18 Classics of LGBTQ Literature

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Scene from Angels in America (Image via Theatre Scenes New Zealand)

9. Angels in America

So far, many of the works discussed here were created long before or after the AIDS epidemic that raged throughout the United States starting in the 1980s and beyond. Angels in America faces the effects of HIV/AIDS on the gay community.

Angels in America: A Gay Fantasia on National Themes is actually a play rather than a novel. However, it’s just as important that you find a copy of the script or even a performance as you would track down any other book mentioned here. It was written by playwright Tony Kushner, who now writes for film (including scripts for Munich and Lincoln). Angels in America is considered his magnum opus, and has won the Pulitzer Prize for Drama, a Tony Award for Best Play, and the Drama Desk Award for Outstanding Play.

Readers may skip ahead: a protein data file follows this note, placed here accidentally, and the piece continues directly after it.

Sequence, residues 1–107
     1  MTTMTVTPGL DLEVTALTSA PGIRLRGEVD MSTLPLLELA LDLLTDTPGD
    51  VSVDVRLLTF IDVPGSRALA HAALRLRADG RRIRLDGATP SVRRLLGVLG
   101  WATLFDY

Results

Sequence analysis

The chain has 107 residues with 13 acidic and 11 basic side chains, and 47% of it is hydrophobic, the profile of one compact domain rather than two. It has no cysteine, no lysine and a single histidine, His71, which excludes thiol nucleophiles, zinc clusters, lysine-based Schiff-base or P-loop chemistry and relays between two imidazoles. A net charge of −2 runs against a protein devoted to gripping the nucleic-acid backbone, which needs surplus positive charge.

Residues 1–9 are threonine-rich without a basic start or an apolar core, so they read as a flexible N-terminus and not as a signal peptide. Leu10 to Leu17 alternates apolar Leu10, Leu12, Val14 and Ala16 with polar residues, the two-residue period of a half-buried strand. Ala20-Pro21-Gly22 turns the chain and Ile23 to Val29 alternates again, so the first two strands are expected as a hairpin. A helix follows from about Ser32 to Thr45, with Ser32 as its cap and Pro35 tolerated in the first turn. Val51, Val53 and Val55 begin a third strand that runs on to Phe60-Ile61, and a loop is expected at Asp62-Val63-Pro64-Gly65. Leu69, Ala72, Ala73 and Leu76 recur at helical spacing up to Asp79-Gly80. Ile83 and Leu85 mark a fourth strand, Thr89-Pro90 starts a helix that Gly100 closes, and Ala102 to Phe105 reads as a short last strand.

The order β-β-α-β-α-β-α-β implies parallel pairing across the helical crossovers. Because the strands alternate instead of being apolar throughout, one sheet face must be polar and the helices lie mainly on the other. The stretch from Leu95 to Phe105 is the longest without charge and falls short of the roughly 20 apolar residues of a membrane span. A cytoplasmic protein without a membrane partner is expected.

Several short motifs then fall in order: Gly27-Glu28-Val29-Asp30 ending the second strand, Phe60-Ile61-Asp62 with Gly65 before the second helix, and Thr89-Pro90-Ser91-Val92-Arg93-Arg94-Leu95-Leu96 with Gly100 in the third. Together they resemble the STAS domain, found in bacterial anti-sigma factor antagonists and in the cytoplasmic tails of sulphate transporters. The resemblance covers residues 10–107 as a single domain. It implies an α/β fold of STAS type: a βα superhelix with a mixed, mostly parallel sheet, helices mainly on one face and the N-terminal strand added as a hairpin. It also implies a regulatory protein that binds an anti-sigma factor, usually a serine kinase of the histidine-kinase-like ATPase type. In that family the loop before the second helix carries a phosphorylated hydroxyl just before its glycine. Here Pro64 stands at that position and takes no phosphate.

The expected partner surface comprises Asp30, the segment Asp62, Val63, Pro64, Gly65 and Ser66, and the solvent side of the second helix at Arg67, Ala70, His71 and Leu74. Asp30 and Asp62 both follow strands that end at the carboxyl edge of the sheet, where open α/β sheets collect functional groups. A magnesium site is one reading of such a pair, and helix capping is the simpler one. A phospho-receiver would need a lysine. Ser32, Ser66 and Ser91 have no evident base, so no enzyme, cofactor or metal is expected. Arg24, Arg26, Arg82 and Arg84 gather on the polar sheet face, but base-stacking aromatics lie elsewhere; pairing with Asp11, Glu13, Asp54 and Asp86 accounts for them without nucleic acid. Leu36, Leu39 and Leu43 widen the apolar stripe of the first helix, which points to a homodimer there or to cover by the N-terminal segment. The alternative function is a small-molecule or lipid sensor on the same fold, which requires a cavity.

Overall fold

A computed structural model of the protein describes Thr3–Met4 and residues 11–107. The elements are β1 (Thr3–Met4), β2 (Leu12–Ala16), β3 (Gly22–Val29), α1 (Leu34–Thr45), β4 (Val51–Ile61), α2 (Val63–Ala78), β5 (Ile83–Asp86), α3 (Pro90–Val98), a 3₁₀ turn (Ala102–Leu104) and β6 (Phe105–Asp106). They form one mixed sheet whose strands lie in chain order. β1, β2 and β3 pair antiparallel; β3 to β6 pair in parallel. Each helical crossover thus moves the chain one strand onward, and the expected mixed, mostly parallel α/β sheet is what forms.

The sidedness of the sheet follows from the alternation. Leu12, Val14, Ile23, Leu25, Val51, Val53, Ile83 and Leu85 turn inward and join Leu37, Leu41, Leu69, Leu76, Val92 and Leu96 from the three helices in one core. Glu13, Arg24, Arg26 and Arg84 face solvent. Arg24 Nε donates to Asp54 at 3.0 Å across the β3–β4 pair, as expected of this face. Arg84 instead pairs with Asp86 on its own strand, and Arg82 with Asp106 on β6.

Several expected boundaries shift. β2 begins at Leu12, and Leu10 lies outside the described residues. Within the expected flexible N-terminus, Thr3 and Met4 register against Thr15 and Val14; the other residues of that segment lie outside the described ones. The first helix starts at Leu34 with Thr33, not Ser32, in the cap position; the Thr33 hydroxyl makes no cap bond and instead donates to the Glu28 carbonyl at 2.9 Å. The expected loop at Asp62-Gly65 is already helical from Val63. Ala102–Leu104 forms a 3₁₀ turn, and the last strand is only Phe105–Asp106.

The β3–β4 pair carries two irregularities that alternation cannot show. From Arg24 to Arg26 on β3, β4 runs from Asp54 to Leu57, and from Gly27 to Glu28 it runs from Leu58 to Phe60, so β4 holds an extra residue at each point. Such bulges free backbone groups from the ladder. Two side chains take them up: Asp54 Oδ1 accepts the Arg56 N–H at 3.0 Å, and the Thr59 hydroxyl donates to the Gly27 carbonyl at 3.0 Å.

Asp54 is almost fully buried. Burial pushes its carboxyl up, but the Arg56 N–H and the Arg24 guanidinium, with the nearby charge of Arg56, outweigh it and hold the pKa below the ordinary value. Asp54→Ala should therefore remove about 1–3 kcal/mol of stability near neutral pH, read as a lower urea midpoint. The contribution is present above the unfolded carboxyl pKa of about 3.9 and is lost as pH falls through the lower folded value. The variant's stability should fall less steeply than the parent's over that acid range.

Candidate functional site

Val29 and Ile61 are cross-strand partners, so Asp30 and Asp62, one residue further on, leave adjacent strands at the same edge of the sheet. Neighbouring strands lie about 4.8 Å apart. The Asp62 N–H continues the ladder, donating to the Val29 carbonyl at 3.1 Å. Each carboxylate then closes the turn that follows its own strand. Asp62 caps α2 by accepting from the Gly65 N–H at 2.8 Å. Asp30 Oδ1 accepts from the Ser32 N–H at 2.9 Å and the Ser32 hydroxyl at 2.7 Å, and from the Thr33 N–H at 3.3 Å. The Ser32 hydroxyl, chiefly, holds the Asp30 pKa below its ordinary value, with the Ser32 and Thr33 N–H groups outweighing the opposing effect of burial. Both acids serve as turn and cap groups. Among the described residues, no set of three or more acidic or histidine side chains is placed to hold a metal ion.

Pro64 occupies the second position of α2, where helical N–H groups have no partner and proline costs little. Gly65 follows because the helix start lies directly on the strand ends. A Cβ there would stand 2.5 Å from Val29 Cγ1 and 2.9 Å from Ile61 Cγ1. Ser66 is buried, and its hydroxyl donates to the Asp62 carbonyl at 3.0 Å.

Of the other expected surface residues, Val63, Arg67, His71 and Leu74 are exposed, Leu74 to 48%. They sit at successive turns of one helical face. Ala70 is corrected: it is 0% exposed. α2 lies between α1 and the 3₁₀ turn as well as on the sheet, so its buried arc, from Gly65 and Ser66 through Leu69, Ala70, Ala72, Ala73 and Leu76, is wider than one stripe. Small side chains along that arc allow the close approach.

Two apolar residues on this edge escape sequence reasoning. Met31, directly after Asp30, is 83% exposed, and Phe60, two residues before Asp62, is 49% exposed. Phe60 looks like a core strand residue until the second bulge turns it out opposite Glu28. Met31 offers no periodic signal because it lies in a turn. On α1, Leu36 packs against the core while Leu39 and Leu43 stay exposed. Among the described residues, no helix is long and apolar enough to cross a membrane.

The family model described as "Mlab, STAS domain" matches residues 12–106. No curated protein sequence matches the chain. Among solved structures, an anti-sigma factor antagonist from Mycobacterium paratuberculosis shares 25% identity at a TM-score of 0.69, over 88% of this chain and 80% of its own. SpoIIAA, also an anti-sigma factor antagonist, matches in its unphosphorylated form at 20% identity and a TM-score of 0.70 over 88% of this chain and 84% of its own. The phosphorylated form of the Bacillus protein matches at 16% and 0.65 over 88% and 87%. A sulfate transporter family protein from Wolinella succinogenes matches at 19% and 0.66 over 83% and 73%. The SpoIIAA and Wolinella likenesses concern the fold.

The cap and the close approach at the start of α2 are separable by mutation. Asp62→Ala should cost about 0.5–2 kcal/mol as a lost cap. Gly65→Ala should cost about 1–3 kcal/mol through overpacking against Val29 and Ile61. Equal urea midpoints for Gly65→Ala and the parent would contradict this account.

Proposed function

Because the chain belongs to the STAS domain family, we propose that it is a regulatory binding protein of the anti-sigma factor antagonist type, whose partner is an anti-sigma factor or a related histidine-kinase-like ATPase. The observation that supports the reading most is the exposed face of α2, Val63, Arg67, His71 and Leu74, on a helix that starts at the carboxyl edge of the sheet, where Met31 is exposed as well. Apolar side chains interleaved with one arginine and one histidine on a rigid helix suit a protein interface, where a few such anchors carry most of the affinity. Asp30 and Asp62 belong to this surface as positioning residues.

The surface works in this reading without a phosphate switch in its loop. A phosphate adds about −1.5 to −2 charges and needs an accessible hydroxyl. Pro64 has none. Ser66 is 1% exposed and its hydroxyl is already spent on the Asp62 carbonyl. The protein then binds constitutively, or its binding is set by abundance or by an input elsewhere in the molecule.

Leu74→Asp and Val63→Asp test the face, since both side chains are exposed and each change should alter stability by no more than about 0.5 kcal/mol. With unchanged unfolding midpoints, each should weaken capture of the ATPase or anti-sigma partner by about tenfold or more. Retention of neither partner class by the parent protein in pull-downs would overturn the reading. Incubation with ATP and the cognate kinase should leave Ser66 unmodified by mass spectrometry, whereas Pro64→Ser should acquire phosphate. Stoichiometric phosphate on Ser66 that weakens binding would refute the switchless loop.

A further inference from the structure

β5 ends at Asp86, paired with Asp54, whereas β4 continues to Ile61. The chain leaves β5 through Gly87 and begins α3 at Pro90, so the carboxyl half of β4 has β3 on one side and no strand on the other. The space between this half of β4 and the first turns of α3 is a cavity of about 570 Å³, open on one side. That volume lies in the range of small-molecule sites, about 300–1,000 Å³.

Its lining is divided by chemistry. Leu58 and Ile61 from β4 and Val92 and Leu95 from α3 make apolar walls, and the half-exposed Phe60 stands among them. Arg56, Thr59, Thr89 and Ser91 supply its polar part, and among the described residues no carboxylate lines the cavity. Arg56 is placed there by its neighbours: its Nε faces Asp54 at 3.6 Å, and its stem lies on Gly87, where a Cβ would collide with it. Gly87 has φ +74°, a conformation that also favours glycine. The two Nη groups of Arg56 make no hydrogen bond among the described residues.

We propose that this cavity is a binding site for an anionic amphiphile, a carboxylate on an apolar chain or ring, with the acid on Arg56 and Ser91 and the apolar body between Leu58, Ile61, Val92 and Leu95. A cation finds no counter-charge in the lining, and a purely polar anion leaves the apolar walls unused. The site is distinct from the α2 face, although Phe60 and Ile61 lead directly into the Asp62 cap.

The truth is, it’s a little difficult to encapsulate Angels in America in such a short space of time. It’s a highly lyrical, dreamlike play that follows the lives of numerous closeted and out gay men. One man, Prior Walter, has AIDS and is abandoned by his partner as the illness progresses. He begins to see angels and has intense vision.

At the end of Act One, an angel visits him and proclaims Prior to being a prophet, telling him that “the Great Work” has begun. What that “Great Work” is and what it means for each of the myriad characters in Angels in America is something that must be read and, ideally, experienced in a live performance.